Using your pastry cutter or two knives, quickly cut the fat into the flour until the mixture looks something like corn meal in texture and the largest pieces of flour-covered fat are about the size of small peas.

The easiest cutting method is to use a stainless steel pastry cutter with a curved row of knife edges attached to a sturdy handle.

To cut the fat into the flour, use a rocking motion against the walls of the bowl

To cut the fat into the flour, use a rocking motion against the walls of the bowl

Rock the cutter up against the edge of the bowl and back down into the center of the bowl, maintaining contact with the bowl throughout the motion. While cutting the fat, rhythmically turn the bowl a quarter turn, so you move through the flour and fat evenly.

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If you don’t have a pasty cutter, you can use two knives. Hold them like swords, slightly across one another and cut with a crossing  motion, one knife against the other, turning the bowl often, until you have cut all the fat into the flour as noted above.

The pastry cutter method takes 2-3 minutes at most. The knife method takes a little longer.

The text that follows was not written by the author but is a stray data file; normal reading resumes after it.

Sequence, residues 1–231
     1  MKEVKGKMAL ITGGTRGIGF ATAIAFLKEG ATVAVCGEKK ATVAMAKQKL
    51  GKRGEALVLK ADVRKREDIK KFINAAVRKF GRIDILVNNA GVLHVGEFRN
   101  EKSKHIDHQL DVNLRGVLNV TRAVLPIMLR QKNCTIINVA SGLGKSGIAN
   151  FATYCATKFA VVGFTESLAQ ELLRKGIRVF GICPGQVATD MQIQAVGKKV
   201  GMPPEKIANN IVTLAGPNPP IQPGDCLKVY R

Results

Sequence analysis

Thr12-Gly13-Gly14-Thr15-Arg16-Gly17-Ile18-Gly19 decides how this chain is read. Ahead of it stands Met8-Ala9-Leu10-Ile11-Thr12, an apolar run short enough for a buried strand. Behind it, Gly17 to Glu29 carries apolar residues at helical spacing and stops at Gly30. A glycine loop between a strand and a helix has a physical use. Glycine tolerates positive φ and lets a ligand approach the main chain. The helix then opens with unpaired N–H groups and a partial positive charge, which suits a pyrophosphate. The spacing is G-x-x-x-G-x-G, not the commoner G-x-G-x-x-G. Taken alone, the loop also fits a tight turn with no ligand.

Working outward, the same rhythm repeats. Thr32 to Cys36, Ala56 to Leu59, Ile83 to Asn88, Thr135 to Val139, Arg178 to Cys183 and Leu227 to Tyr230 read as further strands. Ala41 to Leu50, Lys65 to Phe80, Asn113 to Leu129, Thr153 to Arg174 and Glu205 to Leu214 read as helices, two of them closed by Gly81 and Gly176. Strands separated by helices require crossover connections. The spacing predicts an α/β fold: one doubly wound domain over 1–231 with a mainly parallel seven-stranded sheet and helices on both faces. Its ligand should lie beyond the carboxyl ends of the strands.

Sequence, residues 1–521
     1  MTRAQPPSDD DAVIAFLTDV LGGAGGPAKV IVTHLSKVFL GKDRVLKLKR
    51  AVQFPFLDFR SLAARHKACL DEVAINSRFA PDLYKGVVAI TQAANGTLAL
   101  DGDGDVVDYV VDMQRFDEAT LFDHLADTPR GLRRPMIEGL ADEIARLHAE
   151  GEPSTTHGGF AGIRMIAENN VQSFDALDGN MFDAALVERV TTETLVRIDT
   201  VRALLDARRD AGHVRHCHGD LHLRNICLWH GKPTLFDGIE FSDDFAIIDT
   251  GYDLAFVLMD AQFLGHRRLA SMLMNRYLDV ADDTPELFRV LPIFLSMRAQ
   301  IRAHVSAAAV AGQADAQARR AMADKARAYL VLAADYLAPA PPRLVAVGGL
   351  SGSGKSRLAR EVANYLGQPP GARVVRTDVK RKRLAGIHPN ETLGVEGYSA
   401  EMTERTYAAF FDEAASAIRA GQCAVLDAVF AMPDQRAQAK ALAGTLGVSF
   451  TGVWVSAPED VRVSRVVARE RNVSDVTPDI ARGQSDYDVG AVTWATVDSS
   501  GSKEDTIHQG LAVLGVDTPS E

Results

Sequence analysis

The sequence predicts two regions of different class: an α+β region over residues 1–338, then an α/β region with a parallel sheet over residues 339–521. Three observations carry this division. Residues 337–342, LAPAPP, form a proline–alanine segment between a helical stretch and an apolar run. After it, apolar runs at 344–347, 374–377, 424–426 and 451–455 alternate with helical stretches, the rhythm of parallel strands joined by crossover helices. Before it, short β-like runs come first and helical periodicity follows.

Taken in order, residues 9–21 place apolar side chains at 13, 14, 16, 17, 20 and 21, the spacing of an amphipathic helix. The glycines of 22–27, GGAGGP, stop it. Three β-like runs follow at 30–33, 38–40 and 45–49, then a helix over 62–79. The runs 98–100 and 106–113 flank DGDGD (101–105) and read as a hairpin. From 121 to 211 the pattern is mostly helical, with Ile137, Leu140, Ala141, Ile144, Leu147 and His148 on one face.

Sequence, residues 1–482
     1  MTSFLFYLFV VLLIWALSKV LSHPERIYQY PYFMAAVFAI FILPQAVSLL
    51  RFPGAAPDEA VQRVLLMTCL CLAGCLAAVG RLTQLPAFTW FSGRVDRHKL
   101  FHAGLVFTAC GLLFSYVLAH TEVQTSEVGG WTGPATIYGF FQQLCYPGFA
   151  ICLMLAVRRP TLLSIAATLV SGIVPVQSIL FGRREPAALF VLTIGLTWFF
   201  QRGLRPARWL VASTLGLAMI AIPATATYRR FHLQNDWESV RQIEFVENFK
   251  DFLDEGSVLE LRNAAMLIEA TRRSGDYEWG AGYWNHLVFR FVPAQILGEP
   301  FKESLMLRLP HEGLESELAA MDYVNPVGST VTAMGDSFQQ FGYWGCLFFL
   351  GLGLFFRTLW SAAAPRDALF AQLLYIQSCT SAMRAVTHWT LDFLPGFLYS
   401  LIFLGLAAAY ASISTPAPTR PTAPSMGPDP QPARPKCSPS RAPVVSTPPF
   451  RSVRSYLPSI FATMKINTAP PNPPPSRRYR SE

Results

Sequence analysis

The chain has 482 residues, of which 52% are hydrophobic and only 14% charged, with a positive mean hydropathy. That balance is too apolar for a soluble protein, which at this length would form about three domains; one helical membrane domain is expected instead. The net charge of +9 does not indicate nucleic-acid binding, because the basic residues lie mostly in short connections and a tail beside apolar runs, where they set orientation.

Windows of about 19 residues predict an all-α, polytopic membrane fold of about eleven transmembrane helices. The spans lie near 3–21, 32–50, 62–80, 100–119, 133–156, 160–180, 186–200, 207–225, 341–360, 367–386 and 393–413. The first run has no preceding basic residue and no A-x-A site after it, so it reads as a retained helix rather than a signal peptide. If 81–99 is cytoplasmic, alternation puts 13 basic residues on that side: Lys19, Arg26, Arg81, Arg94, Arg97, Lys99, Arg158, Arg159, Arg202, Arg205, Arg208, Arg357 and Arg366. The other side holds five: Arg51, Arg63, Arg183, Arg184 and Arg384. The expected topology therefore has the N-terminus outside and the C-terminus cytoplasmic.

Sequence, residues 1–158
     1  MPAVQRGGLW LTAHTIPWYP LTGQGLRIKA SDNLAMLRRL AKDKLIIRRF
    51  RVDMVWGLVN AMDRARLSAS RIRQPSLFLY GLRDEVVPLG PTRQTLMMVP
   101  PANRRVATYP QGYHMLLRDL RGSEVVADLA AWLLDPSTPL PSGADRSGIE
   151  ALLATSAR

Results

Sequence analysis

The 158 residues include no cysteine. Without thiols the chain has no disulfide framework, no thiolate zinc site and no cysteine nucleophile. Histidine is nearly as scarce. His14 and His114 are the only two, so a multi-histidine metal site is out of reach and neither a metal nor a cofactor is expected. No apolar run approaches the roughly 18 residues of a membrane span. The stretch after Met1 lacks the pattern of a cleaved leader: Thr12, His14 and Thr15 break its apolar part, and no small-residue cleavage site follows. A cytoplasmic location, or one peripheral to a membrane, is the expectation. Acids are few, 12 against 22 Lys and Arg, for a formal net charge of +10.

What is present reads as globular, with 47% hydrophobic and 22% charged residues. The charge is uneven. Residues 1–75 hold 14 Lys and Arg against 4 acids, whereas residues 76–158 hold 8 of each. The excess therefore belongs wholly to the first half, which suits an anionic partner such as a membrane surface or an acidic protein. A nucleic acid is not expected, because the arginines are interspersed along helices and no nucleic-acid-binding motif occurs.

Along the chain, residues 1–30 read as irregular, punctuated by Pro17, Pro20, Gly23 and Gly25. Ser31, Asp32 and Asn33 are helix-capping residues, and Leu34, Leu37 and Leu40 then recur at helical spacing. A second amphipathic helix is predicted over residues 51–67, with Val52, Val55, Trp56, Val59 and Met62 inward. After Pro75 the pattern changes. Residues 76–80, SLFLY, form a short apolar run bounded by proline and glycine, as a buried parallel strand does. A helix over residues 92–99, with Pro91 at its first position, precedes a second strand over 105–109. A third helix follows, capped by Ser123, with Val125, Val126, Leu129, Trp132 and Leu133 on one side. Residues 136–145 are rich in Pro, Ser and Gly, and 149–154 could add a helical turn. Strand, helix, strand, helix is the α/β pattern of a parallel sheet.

How about using a food processor?

You can use a food processor to mix the flour and cut in the fat. If you have arthritis, this may be the best option. Use the pulse button and check the mixture often so you don’t over-process. Given the extra clean-up time, I find it’s actually quicker to mix and cut manually.

Step 8. Chill the mixture 20-30 minutes.

If adding fruit, nuts or vegetables that need chopping, prepare and measure them while you wait. Or just have a nice cuppa and relax a few minutes.

Chill the mixture 20-30 minutes

Chill the mixture 20-30 minutes

 

Step 9. Turn your oven on to preheat

At the end of the chill period, preheat your oven to 450º Fahrenheit (F). Double check that nothing is in the oven (you can tell I’ve had a problem with this a time or two).

Pre-heat the oven to 450º F

Pre-heat the oven to 450º F

 

Step 10. Add any extra ingredients, if recipe calls for them.

If your recipe calls for extra goodies, such as grated cheese, fruits, seeds, nuts, or veggies, stir them in gently to coat with the flour mixture and distribute throughout.

Stir in any fruits, veggies, or other goodies the recipe specifies

Stir in any fruits, veggies, or other goodies the recipe specifies

Step 11. Add the liquid and mix just until flour is wet.

Make a well in the center of the flour mixture and pour the measured liquid into the depression. Fold the flour mixture into the liquid until it is just moistened through. Do not over mix!

Make a well in the center of the mixture and add the liquid all at once

Make a well in the center of the mixture and add the liquid all at once

Step 12. Turn dough onto floured surface, shape and cut.

With dough in the bowl, gently shape it into a ball and turn out onto a lightly floured cutting board.

Using the spatula, gently form the dough into a ball

Using the spatula, gently form the dough into a ball

Here’s how the biscuit dough looks before turning it out on the board.